Got up at the crack of dawn yesterday and my Bible fell open to Psalm 11. Had a great time of reflection on the word and then pulled out Calvin’s Commentary for a little back up. I’ll change it up today with a little running commentary. Follow along in your own Bible if you feel like it.
In the Lord I put my trust; how can you say to my soul, “Flee as a bird to your mountain?”
This is one of several psalms of David, written while he was on the run from Saul. David had a solid basis for trusting God. He had been anointed king of Israel by Samuel. He had prevailed over Goliath, showing courage and strength based on his victories over a lion and a bear while tending his father’s sheep. And yet Saul had it in for him, and now others were telling him to flee like a scared bird to the hills.
Running from the Lord’s enemies is nothing new for men of God. We might mention Elijah and Elisha. Christ even ventured out of Palestine into Decapolis when opposition to His ministry heightened. In Hebrews 11:38 we read about the faithful ones who wandered in the mountains and caves. During the Reformation Luther found refuge in the castle at Wartburg.
David’s words make it seem like even though he is on the run he sees flight as incompatible with trusting God. In a sense it is, I guess. I am guilty of fleeing situations much less dangerous than those David faced:
For look! The wicked bend their bow, they make ready their arrow on the string, that they may shoot secretly at the upright in heart.
In modern language we might say they had a cocked loaded gun at David’s head, just waiting until the coast was clear to off him. Saul had his minions on the hunt for David and were under orders to kill him on sight. We do not see this level of persecution here in America, but in places where Islam rules the day the lives of committed believers are in constant danger. Jesus told us not to fear those who can kill the body but are unable to kill the soul; rather, we are to fear Him who is able to destroy both body and soul in hell. Maybe we are not to that point yet, but the day might be coming where these words ring true.
If the foundations are destroyed, what can the righteous do?
In the ancient world people lived in walled cities, so when David mentions foundations he is likely referring to the foundations of the wall of the city–destroy it and the populous within is defenseless. When the Babylonians destroyed Jerusalem in 586 BC they razed and burned the walls. The book of Nehemiah tells how when they returned 70 years later they were vulnerable to attack with no wall to shield them. Nehemiah petitioned the Persian king Artaxerxes in 445 BC for permission to rebuild the walls of Jerusalem.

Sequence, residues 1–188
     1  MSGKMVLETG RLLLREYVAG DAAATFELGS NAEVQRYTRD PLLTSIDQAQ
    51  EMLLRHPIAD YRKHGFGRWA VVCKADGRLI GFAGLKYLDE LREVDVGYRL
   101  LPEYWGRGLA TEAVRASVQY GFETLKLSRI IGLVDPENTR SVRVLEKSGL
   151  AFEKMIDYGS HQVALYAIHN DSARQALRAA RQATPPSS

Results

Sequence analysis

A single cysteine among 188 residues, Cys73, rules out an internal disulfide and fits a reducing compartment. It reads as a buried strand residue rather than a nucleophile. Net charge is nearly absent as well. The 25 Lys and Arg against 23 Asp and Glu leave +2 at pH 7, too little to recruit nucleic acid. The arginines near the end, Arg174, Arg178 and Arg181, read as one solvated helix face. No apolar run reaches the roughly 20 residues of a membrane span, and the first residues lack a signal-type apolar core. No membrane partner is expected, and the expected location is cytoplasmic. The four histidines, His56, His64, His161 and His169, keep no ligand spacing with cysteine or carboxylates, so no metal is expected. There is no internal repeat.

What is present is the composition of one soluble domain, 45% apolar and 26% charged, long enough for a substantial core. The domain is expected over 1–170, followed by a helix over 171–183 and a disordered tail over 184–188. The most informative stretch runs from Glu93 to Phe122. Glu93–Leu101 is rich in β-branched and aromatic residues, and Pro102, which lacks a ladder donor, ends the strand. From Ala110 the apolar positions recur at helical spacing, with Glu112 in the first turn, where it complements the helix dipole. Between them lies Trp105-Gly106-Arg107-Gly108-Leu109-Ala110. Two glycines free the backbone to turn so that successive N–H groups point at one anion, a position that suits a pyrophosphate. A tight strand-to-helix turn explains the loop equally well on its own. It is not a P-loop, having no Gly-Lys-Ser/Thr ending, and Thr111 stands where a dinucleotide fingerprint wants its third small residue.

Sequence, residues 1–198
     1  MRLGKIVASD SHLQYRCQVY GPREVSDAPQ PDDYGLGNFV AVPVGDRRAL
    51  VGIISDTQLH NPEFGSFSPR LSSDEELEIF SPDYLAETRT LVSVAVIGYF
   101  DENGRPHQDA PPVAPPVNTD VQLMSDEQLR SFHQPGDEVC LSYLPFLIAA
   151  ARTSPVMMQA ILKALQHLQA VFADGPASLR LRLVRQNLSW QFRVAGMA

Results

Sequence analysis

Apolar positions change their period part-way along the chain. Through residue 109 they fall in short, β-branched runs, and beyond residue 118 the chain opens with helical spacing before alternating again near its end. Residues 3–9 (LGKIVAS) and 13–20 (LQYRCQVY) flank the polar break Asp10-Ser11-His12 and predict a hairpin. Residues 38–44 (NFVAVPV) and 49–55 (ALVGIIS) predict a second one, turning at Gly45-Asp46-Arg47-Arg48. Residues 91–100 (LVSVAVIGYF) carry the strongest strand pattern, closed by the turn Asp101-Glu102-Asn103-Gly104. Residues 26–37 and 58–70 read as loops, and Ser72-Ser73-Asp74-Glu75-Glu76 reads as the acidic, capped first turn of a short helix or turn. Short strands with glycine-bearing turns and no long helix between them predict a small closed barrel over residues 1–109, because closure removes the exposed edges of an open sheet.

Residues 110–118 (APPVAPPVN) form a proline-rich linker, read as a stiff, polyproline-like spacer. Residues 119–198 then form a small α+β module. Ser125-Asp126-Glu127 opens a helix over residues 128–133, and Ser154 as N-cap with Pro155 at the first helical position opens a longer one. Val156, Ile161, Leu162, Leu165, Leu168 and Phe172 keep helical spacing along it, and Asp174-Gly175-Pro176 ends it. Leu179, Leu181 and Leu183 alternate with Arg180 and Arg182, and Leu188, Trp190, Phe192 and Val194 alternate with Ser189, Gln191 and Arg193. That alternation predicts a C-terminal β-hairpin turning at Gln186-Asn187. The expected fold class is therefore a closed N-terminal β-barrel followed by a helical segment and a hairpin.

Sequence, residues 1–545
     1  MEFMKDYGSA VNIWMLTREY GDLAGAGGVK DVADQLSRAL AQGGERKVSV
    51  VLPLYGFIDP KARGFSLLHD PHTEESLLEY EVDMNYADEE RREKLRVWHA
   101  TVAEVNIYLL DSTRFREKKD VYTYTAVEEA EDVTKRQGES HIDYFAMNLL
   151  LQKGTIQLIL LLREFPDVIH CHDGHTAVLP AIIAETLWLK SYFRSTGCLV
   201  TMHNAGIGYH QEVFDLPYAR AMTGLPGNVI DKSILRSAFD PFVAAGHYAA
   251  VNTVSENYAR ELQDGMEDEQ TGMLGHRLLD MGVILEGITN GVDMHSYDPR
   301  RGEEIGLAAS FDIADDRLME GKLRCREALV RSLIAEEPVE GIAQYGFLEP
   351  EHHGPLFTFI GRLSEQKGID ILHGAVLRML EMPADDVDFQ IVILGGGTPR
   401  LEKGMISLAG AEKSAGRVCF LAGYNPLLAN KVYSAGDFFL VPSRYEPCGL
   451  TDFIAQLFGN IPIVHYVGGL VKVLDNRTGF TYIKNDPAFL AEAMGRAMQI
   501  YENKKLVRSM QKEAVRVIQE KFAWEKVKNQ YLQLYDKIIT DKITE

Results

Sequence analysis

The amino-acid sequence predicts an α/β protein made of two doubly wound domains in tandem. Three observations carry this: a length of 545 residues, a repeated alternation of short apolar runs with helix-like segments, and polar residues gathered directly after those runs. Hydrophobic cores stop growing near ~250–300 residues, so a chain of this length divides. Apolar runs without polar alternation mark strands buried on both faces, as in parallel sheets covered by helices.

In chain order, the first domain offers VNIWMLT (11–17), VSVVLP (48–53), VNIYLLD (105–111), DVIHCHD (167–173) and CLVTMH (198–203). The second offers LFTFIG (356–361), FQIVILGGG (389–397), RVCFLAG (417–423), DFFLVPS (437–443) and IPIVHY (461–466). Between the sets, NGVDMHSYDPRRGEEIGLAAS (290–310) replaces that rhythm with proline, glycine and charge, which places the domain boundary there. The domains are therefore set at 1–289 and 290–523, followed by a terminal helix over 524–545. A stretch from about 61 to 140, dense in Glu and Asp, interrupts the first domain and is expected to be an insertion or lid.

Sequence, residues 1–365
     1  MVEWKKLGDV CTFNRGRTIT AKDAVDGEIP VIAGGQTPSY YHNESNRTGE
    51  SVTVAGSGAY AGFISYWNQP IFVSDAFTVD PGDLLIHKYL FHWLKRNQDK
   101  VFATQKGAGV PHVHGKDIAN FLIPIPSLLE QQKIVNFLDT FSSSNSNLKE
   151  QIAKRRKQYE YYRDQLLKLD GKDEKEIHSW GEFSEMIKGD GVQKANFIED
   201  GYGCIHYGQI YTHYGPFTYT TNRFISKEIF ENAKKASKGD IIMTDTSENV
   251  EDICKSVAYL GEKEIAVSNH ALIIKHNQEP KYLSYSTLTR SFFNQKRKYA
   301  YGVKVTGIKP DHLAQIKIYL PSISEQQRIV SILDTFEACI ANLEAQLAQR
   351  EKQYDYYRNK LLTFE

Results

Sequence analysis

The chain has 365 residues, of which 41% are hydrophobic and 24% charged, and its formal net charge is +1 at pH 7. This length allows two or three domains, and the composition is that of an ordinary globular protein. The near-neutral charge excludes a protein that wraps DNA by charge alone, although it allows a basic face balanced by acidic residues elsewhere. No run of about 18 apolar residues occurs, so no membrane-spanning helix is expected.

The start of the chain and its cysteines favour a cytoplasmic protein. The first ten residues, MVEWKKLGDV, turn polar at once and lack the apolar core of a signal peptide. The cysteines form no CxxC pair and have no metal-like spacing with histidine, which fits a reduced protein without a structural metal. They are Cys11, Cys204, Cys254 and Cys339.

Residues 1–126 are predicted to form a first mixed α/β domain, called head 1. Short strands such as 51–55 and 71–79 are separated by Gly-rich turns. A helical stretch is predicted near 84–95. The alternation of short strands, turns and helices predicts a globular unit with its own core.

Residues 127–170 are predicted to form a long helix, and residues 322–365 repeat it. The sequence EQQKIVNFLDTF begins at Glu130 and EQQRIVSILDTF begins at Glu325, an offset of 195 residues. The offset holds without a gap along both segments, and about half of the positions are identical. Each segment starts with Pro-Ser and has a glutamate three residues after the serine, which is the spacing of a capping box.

David is speaking metaphorically in my opinion. He is saying that the spiritual and moral foundations of Israel were in shambles under Saul. The people were worshipping false gods and engaging in all manner of wicked behavior. Under such conditions the righteous seem powerless and defenseless; hence the temptation to flee. In America we have no solid spiritual and moral foundation. We are not a Christian nation. Our government is corrupt, and our culture is godless and humanistic to the core. The churches look the same cosmetically as they did a generation ago, but the similarity ends there. The word of God has been forsaken and abandoned or twisted to fit the pagan theories and literary diarrhea of wicked heretics like Paul Young and Rob Bell. In this climate those who would stand for true righteousness are asking, as the scripture says: What can we do?
The second half of the psalm gives us a corrective against total despair:
The Lord is in His holy temple, the Lord’s throne is in heaven. His eyes behold, His eyelids test the sons of men. The Lord tests the righteous.
The Pontius Pilates of the world in their arrogance think they have the balance of power on their side; but as Jesus pointed out to that smoldering Roman stub, his power was on loan from his creator and judge. Things are not as they seem. God’s kingdom is not always visible. Jesus is ruling in heaven now, and we are a kingdom of priests. It does not seem as if He is the ruler of the kings of the earth, but indeed He is.
Today I spoke with a young single mom who has endured unspeakable evil in her short life. Physical, sexual, verbal, and mental abuse over many years by those she trusted and who ought to have loved and respected rather than used her. Like Joseph she would say that they meant it for evil and God meant it for good. In her own mind she is a stronger person as a result of the trials she has faced. She is one of the hardest workers and most resilient human beings I have ever met, and she is a true inspiration and testimony to how God tests and refines us through trials.
But the wicked and the one who loves violence His soul hates. Upon the wicked He will send coals; fire and brimstone and a burning wind shall be the portion of their cup.
God lovingly tests the righteous with a season of trials; but he hates the wicked and punishes them with eternal fire. We might be inclined to see this as crass and hard; after all, did not the Lord from the cross ask His Father to forgive his murderers? Personally I believe that there is a place for invoking the wrath of God–we see examples of this in the imprecatory psalms. We do not have a right to hate the wicked but God does. And God does indeed hate the reprobates. What were you thinking? That God will throw sinners He loves into the lake of fire and then pine and sorrow for eternity because their free will overruled his sovereignty? On the other hand,
For the Lord is righteous, He loves righteousness; His countenance beholds the upright.
Take courage and rejoice in the sovereign God of Scripture. He is in 100% control of your life all the time. You can trust Him no matter what.